Sporting defender Eric Dier discusses his breakthrough season with the Portuguese club.
Eric Dier moved to Portugal to join Sporting's academy at the age of 10 and signed professional terms six years later. After spending time on loan at Everton, he made his Sporting debut last season and went on to play 15 league games for the club. Adam Bate met up with Dier in Turkey, where the 19-year-old defender is busy representing England at FIFA Under-20 World Cup, to find out more about his experiences in Portugal...
Tell us a bit about what has been a breakthrough season for you...
I was in the B team at the start of the year but then got to make my debut in November because of injuries and suspensions. I did well and just kept my place. It feels really good, to be honest, as i wasn't expecting it. I got my chance, took it and never looked back.
That debut was against Braga wasn't it?
Yeah it was a big game to make my debut in so i was happy with that - especially to do well too.
And then you scored in the very next game...
Yeah, I got an assist in my first game and a goal in my second - it went pretty well at the beginning!
Then there was a game against Benfica in the Estadio da Luz. How was that?
That was my best sporting experience up to now really. Playing in front of 62,000 people in the biggest game of the year for Sporting was special for me and the best moment so far.
Playing against some pretty good players too...
Well there's a whole list of them. Benfica have Ezequiel Garay and Nemanja Matic, who is a really good player at the moment. Their whole front four are very good as well. Then at Porto there was James Rodriguez and Fernando in midfield. It was nice to play against all of those players.
Sporting are going through a tough time financially but that's contributed to your opportunity...
Financially it is hard everywhere in Portugal at the moment and Sporting are struggling with that. But it is a great opportunity for the young players and Sporting has got a fantastic academy with some really talented young lads. You hear about me and Bruma and Tiago Ilori but there are loads at the academy who - if they get their chance - will take it as well. So it is a great time for all the academy players and they should all be working hard to try and get into the first team.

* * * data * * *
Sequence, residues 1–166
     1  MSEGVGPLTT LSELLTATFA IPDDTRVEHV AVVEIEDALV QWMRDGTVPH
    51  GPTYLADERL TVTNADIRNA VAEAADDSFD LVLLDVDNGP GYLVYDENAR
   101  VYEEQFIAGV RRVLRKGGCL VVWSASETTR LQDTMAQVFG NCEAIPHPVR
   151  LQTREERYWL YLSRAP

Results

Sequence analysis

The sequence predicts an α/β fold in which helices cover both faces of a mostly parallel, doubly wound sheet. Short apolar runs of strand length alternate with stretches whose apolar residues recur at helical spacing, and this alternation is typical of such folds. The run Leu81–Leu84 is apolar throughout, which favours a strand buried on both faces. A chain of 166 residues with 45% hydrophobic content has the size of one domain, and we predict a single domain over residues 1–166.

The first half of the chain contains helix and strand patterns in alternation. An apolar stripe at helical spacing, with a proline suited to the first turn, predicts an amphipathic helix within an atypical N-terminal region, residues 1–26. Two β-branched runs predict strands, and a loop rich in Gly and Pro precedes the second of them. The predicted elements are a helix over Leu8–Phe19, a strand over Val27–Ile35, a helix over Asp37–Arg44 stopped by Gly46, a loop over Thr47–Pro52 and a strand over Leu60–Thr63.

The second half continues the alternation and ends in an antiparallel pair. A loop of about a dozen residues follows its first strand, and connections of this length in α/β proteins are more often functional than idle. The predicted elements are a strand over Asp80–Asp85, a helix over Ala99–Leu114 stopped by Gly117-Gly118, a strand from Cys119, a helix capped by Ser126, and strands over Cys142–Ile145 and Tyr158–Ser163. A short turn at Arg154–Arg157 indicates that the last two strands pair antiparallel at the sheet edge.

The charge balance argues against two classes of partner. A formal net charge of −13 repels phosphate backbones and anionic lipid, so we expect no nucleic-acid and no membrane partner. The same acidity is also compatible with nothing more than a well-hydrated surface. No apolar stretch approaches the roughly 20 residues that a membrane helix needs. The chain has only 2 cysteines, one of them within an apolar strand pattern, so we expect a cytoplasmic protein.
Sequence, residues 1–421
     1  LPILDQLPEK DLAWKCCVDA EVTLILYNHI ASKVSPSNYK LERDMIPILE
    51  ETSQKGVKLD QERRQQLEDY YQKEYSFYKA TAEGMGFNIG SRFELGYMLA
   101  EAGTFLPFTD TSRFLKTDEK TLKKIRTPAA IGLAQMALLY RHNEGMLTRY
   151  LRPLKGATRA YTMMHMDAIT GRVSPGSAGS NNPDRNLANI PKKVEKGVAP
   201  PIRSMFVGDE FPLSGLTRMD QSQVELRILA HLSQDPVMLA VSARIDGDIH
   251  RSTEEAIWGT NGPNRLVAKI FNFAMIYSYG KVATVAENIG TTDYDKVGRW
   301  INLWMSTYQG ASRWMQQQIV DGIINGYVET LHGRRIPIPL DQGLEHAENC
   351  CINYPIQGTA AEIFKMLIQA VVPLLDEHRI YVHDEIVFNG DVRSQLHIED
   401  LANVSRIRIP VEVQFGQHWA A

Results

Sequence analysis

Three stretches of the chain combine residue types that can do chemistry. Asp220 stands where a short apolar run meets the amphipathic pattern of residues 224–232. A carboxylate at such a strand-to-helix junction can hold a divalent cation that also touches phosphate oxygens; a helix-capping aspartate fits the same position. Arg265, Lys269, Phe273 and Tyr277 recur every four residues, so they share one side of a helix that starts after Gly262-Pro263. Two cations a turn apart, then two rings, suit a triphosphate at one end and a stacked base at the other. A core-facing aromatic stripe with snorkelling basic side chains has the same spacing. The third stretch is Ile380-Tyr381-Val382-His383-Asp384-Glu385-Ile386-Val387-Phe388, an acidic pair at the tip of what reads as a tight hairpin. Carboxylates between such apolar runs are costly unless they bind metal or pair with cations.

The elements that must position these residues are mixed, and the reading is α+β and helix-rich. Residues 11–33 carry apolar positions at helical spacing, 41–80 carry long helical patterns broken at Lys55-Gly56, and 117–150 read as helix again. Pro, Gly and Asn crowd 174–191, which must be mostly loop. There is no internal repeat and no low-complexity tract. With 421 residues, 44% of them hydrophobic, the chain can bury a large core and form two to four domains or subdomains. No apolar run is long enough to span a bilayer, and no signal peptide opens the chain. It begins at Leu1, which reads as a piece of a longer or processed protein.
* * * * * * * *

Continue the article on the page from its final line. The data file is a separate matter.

That first-team experience must have been great preparation for the Under-20 World Cup with England?
It's prepared me really well. I mean, to play against those players in those sorts of games is a great experience for any young player I think.
Do you get the chance to go back to England much?
Normally I take advantage of international breaks. I ask Sporting for a couple of days either before or after international weeks in order to spend some extra time with my family and they have no problem with that because there are no games around those international breaks. They've been really good with that, letting me go home and see the family as if you go a long stretch without seeing them it's not very nice.
You did enjoy an extended period back in England when you spent the 2011/12 season on loan at Everton. How did you find that?
It was a shock to me at the beginning. Everything is different really - the way you are coached, training, matches etc. So it was a bit of a shock to the system and took me a good six months to get used to it. But after that I thought i got the hang of it. It's really helped me in terms of playing for England because it has helped me get used to a different atmosphere.
And helped in terms of going back to Portugal a better player?
It's different. In England, there's just an honest physicality. Whereas in foreign countries it is not so honest. People are dirtier, you know what I mean? There's just that different kind of physicality about the two leagues. For example, in England the forward will jump for the header with you but in Portugal they'll be niggling around you and trying to keep you on the ground - not even looking at the ball.
How about being on the ball as a defender - Do you feel playing in Portugal has helped you improve that side of the game?
Oh yeah. We've worked on that ever since we were very little. It's all about possession and keeping hold of the ball. I'm just used to that because that's what I've grown up doing.
So do you think British players should consider playing abroad like you have in order to develop their game?
I grew up in Portugal so it's easier for me. It's home for me really as that's where I've lived all my life. Off the field is just normal life to me. All my friends are there. If anything my culture clash comes when I go back to England but then that's easier because I am English!
But I think the culture is the bigger thing than the language. The language is important for the basics but you don't really need it for the football side. There are players at Sporting who have come and don't really speak Portuguese but they pick things up, Language isn't really a barrier, to be honest. It's just the culture and the attitude - the way people handle themselves is different.
Football-wise though, I think it is great to come and play abroad. It makes you a more complete player in my opinion.
And your hopes for next season?
Next season i really just want to confirm myself as a main fixture in the starting eleven. I want to play as many games as possible and experience those big games that I did this season all over again. I want to keep playing and keep getting better.